Scott: I noticed that people seemed to gravitate towards certain types of units after a while. What types of units did you like to buy?
Dirk: I just loved to get into a true collector’s storage unit. One unit I bought had over 300 die cast car models selling between $30-$100 each on ebay and I loved everything about it. Those types of units were few and far between but that’s what I looked for. On the other hand, if I saw a unit with a visible tool box I wouldn’t bid on it because I thought there were just too many people looking for tools and paying too much for the units.
Scott: One of the things I noticed was that there was almost something weird or freaky in every unit. What’s the freakiest thing you found in a storage unit?
Dirk: That’s a tough question because we found some really freaky stuff, some freaky good, some not so good. On the bad side, it’s a toss up between the bag of dildos and the drug kits. On the good side was the freaky fully customized .38 handgun with laser scope or the solid gold penis piercing rod which brought us $900 from cashforgold.com.
Scott: Why did you get out of the storage unit business?
Dirk: I think I asked you the same thing when you were telling us about your experience and you said you got tired of moving other people’s things around and that’s sort of what happened to Susan and I. You saw the freak show that we lived in and how much merchandise we had in our home. You get to a point where you just have to have a retail outlet or you can never have a normal home. And the job is extremely physical. Towards the end, I would pass on units simply because I didn’t want to move the goods.
Scott: I really loved what you had to say in your book. I don’t think it has quite caught on like it should have. Has the book been successful for you?
Dirk: The funny thing is that I really wrote the book to clarify what I was thinking for my own benefit. The storage auction business really exposed me to many ideas that were just so far outside the conventional world that I had previously occupied. So writing successfully clarified a bunch of ideas that were burning in my mind at the time. The other thing is that I have done absolutely no promotion for the book whatsoever so the couple hundred copies it’s sold to complete strangers is truly remarkable to me.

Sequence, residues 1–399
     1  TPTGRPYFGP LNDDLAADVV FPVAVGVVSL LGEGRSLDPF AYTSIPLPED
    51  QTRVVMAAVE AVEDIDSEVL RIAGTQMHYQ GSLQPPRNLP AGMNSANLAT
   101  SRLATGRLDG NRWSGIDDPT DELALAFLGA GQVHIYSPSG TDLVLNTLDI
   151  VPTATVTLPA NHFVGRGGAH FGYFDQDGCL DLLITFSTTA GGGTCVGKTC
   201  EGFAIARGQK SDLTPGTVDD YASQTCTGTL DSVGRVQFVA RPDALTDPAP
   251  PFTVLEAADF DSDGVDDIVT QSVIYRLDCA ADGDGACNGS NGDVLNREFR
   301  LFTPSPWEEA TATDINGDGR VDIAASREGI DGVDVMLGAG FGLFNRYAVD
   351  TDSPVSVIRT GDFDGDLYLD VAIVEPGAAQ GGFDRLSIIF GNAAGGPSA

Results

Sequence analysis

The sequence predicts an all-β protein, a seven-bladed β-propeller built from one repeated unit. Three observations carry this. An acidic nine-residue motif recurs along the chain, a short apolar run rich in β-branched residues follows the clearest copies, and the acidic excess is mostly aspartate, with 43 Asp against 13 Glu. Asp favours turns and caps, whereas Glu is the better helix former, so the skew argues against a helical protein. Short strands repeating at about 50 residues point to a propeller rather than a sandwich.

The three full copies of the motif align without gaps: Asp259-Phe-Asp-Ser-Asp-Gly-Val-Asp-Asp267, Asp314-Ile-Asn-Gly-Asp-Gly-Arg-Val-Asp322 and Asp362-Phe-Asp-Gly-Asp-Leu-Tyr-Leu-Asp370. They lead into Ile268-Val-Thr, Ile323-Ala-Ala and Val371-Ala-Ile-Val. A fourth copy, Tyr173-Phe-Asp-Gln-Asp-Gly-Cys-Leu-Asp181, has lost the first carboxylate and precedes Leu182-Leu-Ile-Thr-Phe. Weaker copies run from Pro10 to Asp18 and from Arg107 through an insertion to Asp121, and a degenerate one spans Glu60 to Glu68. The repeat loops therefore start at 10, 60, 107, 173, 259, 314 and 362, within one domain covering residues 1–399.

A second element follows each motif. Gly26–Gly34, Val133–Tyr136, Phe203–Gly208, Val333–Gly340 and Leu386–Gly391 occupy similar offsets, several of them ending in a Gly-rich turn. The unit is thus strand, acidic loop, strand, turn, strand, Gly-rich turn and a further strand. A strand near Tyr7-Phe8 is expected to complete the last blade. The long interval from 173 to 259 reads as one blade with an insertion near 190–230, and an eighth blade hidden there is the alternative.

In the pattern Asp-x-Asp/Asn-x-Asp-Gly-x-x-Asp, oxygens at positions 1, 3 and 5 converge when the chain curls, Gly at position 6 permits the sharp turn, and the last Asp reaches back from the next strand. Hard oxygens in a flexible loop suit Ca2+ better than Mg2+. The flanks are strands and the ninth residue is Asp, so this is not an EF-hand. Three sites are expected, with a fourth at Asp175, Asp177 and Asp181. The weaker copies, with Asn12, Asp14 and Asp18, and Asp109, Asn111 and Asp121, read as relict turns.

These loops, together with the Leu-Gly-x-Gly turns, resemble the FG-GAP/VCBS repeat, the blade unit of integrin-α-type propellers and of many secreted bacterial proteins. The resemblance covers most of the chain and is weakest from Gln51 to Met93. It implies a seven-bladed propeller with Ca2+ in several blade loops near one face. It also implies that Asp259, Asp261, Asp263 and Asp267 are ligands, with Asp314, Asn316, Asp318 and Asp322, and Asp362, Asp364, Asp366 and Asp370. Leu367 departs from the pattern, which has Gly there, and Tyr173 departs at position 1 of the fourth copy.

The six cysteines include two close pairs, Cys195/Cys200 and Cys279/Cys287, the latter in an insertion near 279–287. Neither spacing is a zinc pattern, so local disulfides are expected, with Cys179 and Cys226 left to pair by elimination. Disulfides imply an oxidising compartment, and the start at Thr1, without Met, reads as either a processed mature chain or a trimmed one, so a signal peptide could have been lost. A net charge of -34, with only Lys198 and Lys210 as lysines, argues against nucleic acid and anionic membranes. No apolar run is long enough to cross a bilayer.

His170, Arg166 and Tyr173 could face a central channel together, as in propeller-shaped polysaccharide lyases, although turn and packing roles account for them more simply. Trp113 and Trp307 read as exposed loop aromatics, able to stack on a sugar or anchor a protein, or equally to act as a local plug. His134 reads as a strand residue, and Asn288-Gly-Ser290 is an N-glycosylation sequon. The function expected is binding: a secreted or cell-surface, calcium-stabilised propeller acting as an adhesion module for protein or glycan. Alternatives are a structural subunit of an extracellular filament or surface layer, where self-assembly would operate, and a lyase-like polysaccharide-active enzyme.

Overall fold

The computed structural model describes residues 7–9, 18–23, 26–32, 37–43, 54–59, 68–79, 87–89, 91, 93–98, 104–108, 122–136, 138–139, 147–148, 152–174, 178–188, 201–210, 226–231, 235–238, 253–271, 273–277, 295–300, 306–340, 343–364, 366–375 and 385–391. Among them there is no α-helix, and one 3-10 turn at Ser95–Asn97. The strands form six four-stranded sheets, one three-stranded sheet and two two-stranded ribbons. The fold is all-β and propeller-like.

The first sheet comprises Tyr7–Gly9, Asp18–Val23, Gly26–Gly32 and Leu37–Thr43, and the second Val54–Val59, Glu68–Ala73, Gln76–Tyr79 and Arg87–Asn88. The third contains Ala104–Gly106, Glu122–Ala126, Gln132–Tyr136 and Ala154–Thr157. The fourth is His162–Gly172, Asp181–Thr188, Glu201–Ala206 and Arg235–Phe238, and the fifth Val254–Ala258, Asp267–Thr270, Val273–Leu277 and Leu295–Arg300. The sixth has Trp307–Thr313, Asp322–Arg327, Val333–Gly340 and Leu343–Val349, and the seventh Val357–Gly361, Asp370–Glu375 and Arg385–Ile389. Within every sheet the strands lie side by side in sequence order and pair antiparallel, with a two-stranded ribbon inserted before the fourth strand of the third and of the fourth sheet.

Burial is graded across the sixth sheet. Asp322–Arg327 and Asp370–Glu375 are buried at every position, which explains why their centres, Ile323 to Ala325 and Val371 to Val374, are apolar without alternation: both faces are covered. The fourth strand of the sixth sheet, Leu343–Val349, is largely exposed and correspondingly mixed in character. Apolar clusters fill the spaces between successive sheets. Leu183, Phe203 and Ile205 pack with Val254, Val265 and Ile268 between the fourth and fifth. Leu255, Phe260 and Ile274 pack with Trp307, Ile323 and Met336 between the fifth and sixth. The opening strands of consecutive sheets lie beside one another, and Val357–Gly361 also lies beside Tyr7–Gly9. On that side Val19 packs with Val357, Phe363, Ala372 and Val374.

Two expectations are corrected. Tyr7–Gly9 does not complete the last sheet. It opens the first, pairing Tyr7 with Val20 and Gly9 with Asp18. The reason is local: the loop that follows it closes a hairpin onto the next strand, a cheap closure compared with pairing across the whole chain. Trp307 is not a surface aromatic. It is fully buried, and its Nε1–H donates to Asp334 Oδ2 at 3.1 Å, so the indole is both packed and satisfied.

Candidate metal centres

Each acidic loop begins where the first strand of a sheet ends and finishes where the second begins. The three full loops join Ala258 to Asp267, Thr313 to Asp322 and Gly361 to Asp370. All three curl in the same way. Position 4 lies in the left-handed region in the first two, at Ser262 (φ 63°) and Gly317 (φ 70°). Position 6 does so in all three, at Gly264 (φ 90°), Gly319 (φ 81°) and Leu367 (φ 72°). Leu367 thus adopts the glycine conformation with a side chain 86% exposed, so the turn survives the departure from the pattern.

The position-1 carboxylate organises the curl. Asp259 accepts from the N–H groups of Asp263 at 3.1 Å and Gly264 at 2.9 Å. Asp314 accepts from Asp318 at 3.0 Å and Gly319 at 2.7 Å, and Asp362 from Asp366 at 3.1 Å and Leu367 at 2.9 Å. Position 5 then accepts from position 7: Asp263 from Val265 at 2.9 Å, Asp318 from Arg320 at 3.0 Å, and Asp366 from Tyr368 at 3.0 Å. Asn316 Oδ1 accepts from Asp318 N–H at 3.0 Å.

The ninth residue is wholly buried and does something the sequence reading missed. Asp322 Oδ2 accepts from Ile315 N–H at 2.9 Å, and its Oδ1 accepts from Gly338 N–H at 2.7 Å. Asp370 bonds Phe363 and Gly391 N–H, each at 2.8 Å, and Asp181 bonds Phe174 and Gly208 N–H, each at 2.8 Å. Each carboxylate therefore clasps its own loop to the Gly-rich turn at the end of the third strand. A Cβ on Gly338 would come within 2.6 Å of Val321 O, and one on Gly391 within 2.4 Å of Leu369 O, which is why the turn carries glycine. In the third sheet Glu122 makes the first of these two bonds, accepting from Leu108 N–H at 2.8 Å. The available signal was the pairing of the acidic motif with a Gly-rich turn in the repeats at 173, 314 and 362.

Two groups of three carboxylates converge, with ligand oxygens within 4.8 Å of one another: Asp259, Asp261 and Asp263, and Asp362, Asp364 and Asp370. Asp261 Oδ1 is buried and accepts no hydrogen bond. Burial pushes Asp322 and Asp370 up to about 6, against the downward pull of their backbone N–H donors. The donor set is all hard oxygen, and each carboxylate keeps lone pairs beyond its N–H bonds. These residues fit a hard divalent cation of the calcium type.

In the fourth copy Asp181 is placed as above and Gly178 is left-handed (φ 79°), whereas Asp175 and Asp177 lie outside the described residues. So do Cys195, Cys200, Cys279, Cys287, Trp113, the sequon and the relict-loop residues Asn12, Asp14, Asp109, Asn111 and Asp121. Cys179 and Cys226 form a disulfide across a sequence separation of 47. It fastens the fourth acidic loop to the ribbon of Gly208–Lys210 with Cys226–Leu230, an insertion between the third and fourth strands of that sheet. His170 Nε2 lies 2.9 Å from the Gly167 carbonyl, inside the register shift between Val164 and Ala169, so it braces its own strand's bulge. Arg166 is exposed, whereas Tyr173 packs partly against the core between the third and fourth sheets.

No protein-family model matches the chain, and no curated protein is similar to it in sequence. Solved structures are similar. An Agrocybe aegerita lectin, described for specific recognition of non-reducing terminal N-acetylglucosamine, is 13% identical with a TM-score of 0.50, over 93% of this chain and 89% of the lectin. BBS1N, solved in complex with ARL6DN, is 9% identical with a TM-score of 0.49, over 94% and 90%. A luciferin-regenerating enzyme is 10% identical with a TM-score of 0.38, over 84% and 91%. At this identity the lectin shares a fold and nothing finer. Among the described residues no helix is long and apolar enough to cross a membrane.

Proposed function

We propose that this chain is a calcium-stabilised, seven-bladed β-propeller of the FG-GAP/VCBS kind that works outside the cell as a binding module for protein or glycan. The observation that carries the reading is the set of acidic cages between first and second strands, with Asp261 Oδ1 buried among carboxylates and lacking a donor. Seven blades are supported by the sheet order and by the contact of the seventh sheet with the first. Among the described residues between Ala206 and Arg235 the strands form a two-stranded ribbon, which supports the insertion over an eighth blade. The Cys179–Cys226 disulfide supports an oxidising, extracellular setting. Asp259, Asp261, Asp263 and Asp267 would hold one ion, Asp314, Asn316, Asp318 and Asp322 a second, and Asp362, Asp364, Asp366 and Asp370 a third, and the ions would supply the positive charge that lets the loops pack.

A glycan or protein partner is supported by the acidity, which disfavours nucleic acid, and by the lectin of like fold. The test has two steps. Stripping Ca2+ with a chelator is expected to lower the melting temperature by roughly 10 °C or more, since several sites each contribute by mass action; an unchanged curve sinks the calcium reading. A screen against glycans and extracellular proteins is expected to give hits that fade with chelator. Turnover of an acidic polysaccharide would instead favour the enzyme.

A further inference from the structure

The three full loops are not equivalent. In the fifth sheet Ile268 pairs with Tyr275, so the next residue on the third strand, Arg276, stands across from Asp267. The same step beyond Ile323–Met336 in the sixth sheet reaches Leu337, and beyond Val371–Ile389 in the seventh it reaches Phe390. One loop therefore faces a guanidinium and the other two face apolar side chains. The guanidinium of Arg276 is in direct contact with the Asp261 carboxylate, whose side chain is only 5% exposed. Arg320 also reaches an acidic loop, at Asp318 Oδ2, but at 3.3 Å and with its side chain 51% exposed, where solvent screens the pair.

Scott: What are you up to these days, your author bio says you live in Mexico.
Dirk: I don’t live in Mexico, that was something we were trying to do that didn’t really work out. We live in New Mexico and do a variety of things to earn money.
Scott: That sounds interesting and weird, you’re not willing to share any more than that?
Dirk: You know, there’s a hundred thousand different ways to earn money and the truth is that if you pick one and perform the tasks over and over again that the money will follow. I’ve picked on of the hundred thousand ways and perform the tasks repeatedly and it’s kind of boring. In my spare time, I co-authored a book with my super intelligent wife Susan McFergus about storage unit auctions which is currently with the editor.
Scott: Well, hopefully I’m able to introduce you to some new readers and I’d love to have a copy of your new book.
Dirk: I’ll give you a copy, in fact, I was looking at covers and none of the designs I was present with seem to express what I had in mind and maybe you’d like to add another book cover to your impressive design portfolio. Thanks for taking the time to call me. Best of success to you and your readers.
An email question I received, about buying storage units in Las Vegas.